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Dorothy Wordsworth

"The moonlight lay upon the hills like snow."

Dorothy Wordsworth, in William Knight, ed., Journals of Dorothy Wordsworth, vol. 1 (1897)

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"Scotland is the country above all others that I have seen, in which a man of imagination may carve out his own pleasures; there are so many inhabited solitudes."

Dorothy Wordsworth, in William Knight, ed., Journals of Dorothy Wordsworth, vol. 1 (1897)

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"Upon the highest ridge of that round hill covered with planted oaks, the shafts of the trees show in the light like the columns of a ruin."

Dorothy Wordsworth, 1798, in William Knight, ed., Journals of Dorothy Wordsworth, vol. 1 (1897)

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"One only leaf upon the top of a tree -- the sole remaining leaf -- danced round and round like a rag blown by the wind."

Dorothy Wordsworth, 1798, in William Knight, ed., Journals of Dorothy Wordsworth, vol. 1 (1897)

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" I went through the fields, and sat for an hour afraid to pass a cow. The cow looked at me, and I looked at the cow, and whenever I stirred the cow gave over eating."

Dorothy Wordsworth, 1802, in William Knight, ed., Journals of Dorothy Wordsworth, vol. 1 (1897)

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" I never saw daffodils so beautiful. They grew among the mossy stones about and above them; some rested their heads upon these stones, as on a pillow, for weariness ... "

Dorothy Wordsworth, 1802, in William Knight, ed., Journals of Dorothy Wordsworth, vol. 1 (1897)

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"The moon had the old moon in her arms ... "

Dorothy Wordsworth, 1802, in William Knight, ed., Journals of Dorothy Wordsworth, vol. 1 (1897)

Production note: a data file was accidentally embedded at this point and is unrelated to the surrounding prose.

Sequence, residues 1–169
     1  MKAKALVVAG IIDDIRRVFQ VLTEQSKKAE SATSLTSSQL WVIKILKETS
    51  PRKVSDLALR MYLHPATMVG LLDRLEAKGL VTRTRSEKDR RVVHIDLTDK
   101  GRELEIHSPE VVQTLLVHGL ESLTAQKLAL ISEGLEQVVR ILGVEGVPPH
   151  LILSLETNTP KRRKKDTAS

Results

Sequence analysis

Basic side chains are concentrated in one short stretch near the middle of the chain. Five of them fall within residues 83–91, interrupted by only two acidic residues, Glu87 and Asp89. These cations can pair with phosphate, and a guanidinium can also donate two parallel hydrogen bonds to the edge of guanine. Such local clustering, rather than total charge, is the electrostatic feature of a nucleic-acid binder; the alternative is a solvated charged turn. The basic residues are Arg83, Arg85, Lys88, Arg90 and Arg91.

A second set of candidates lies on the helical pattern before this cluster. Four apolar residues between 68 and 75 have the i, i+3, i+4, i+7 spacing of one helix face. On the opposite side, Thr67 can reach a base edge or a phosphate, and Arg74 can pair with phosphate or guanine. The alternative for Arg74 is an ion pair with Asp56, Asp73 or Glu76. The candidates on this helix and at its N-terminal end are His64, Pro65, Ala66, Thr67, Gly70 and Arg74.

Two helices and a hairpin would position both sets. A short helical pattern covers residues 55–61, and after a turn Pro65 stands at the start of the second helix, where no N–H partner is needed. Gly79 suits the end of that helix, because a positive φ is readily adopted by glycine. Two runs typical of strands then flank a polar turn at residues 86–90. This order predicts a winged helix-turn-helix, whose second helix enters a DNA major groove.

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"The columbine ... is a graceful slender creature, a female seeking retirement, and growing freest and most graceful where it is most alone. I observed that the more shaded plants were always the tallest."

Dorothy Wordsworth, 1802, in William Knight, ed., Journals of Dorothy Wordsworth, vol. 1 (1897)

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"Mary first met us in the avenue. She looked so fat and well that we were made very happy by the sight of her ... "

Dorothy Wordsworth, 1802, in William Knight, ed., Journals of Dorothy Wordsworth, vol. 1 (1897)

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"... it is a pleasure to a real lover of Nature to give winter all the glory he can, for summer will make its own way, and speak its own praises."

Dorothy Wordsworth, 1802, in William Knight, ed., Journals of Dorothy Wordsworth, vol. 1 (1897)

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"Blessings on that brother of mine!"

Dorothy Wordsworth, 1802, in William Knight, ed., Journals of Dorothy Wordsworth, vol. 1 (1897)

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"I found a strawberry blossom in a rock. The little slender flower had more courage than the green leaves, for they were but half expanded and half grown, but the blossom was spread full out. I uprooted it rashly, and I felt as if I had been committing an outrage, so I planted it again. It will have but a stormy life of it, but let it live if it can."

Dorothy Wordsworth, 1802, in William Knight, ed., Journals of Dorothy Wordsworth, vol. 1 (1897)

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"Every question was like the snapping of a little thread about my heart."

Dorothy Wordsworth, 1802, in William Knight, ed., Journals of Dorothy Wordsworth, vol. 1 (1897)

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"The moon shone like herrings in the water."

Dorothy Wordsworth, 1800, in E. de Selincourt, Journals of Dorothy Wordsworth (1941)

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"... I verily believe that I never took infant in my arms that did not the moment it was there by its cries beg to be removed."

Dorothy Wordsworth, 1790, in Alan G. Hill, ed., The Letters of Dorothy Wordsworth (1967)

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" ... I think one of the dullest things in the world is a letter filled with apologies for not writing sooner."

Dorothy Wordsworth, 1790, in Alan G. Hill, ed., The Letters of Dorothy Wordsworth (1967)

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"An injudicious and malignant enemy often serves the cause he means to injure; but a feeble friend never attains that end."

Dorothy Wordsworth, 1790, in Alan G. Hill, ed., The Letters of Dorothy Wordsworth (1967)

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Dorothy Wordsworth, English diarist, poet
(1771 - 1855)